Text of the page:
NASM Essentials of Personal Fitness Training: Basic Exercise Science - Skeletal System Flashcards


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1

Skeletal System

The bodys framework, composed of bones and joints

2

Bones

Provide a resting ground for muscles and protection of vital organs.

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Joints

Junctions of bones, muscles, and connective tissue at which movement occurs. Also known as an articulation.

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Axial skeleton

Portion of the skeletal system that consists of the skull, rib cage and vertebral column

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Appendicular skeleton

Portion of the skeletal system that includes the upper and lower extremities.

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Remodelig

The process of resorption and formation of bone.

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Osteoclasts

A type of bone cell that removes bone tissue.

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Osteoblasts

A type of cell that is responsible for bone formation.

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Epiphysis

The end of long bones, which is mainly composed of cancellous bone, and house much of the red marrow involved in red blood cell production.

They are also one of the primary sites for bone growth.

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Diaphysis

The shaft portion of a long bone

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Epiphyseal plate

The region of long bone connecting the diaphysis to the epiphysis. It is a layer of subdividing cartilaginous cells in which growth in length of the diaphysis occurs

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Periosteum

A dense memnrane composed of fibrous connective tissue that closely wraps all bone, except that of the articulationg surfaces in joints, which are covered by a synovial membrane.

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Medullar cavity

The central cavity of bone shafts where marrow is stored

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Articular cartilage (hyaline)

Cartilage that covers the articular surfaces of bones

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Depressions

Flattended or indented portions of bone, which can be muscle attachment sites

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Processes

Projections protruding from the bone where muscles, tendons, and ligaments can attach

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Vertebral column

A series of irregularly shaped bones called vertebrae that houses the spinal cord

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Arthrokinematics

Joint motion

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Synovial joints

Joints that are held together by a joint capsule and ligaments and are most associated with movement in the body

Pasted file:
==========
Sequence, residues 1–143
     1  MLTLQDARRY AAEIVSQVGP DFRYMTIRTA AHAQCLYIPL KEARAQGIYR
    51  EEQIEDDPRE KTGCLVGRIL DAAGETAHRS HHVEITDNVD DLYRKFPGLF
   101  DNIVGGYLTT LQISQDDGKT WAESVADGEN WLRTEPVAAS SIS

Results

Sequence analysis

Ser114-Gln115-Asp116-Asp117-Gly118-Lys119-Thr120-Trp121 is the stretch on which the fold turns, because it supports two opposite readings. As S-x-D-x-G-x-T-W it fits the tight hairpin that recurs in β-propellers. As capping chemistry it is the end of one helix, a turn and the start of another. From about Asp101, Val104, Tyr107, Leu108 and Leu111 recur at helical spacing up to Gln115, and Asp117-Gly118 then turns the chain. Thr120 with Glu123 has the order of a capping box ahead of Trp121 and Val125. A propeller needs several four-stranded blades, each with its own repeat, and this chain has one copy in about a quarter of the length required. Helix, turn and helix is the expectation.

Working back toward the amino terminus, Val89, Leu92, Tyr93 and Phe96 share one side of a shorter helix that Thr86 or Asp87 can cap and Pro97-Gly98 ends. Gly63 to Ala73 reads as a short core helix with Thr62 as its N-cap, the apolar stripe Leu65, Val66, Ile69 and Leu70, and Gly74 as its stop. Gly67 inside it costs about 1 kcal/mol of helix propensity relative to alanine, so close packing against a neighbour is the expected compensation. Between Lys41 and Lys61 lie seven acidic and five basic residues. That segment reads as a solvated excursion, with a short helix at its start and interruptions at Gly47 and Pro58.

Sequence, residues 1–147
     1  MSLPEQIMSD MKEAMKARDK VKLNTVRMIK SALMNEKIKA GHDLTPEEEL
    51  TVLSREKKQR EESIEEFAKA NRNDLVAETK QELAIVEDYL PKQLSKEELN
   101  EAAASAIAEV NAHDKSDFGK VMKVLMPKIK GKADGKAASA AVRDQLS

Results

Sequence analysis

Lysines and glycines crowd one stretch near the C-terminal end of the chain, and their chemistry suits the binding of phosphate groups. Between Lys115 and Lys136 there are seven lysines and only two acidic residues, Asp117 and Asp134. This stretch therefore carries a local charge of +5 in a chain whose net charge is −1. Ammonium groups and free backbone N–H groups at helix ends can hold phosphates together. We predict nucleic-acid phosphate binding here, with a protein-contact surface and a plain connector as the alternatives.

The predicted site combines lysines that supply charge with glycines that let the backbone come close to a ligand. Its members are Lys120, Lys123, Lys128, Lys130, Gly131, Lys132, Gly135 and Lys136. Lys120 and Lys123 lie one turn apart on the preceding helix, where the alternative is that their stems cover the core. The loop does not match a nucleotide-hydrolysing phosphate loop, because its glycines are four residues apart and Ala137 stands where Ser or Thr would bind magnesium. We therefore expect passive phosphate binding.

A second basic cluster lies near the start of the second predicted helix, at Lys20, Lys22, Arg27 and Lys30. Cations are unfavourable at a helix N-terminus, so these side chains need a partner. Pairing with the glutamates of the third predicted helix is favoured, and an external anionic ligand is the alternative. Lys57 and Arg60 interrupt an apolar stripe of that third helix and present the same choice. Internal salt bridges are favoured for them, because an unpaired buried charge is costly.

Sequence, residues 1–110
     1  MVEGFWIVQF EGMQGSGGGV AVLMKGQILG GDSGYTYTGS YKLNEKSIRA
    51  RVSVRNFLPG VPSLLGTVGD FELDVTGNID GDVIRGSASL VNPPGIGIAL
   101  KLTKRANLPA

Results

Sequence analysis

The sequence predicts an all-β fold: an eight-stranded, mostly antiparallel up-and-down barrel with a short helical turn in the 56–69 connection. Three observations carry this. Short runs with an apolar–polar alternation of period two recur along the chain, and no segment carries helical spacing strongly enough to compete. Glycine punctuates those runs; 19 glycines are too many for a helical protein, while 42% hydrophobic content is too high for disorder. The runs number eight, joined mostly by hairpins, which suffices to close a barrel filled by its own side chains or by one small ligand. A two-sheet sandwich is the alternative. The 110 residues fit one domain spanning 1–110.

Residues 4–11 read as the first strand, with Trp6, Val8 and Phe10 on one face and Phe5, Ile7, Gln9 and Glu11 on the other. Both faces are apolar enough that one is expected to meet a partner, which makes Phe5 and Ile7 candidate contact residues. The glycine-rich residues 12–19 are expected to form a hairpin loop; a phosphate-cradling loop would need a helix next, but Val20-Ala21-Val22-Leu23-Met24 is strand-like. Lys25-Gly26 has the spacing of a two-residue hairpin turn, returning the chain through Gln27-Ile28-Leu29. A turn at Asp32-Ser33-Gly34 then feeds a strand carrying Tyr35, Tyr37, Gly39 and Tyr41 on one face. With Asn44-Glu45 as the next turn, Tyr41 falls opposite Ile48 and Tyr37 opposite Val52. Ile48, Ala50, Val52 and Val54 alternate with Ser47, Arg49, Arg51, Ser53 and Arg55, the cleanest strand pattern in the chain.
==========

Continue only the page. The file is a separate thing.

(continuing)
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Ligament

Primary connective tissue that connects bones together and provides stability input to the nervous system, guidance, and the limitation of improper joint movement

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Joint:

Nonsynovial

No joint cavity and fibrous connective tissue; little or no movement

Ex. Sutures of the skull

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Joint:

Synovial

Produces synovial fluid, has joint cavity and fibrous connective tissue

Ex. Knee (and most of other movable joints)

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Joints:

Gliding

No axis of rotation; moves by sliding side-to-side or back and forth

Ex. Carpals of the hand

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Joints:

Condyloid

Formed y the fitting of condyles of one bone into elliptical cavities of another; move predominantly in one plane

Ex. Knee

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Joints:

Hinge

Uniaxial; oves predominantly in one plane of motion (sagittal)

Ex. Elbow

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Joints:

Saddle

One bone fits like a saddle on another bone; moves predominantly in two planes (sagittal, joint of thmb frontal)

Ex. Only: carpometamarpal

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Joints:

Pivot

Only one axis; moves predominantly in one plane of motion (transverse)

Ex. Radioulnar

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Ball-and-socket

Most mobile of joints; moves in all three planes of motion

Ex. Shoulder

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Bones:

Long

Long, cylindrical shafr and irregular or widended ends

Ex. Humerus, Femur

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Bones:

Short

Similar in length and width and appear somewhat cubical in shape

Ex. Carpals of hand, tarsals of feet

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Bones:

Flat

Thin, protective

Ex. Scapulae, patella

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Bones:

Irregular

Unique shape and function

Ex. Vertabrea

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Bones:

Sesamoid

Small often round bones embedded in a joint capsule or found in locations where a tendon passes over a joint

Patella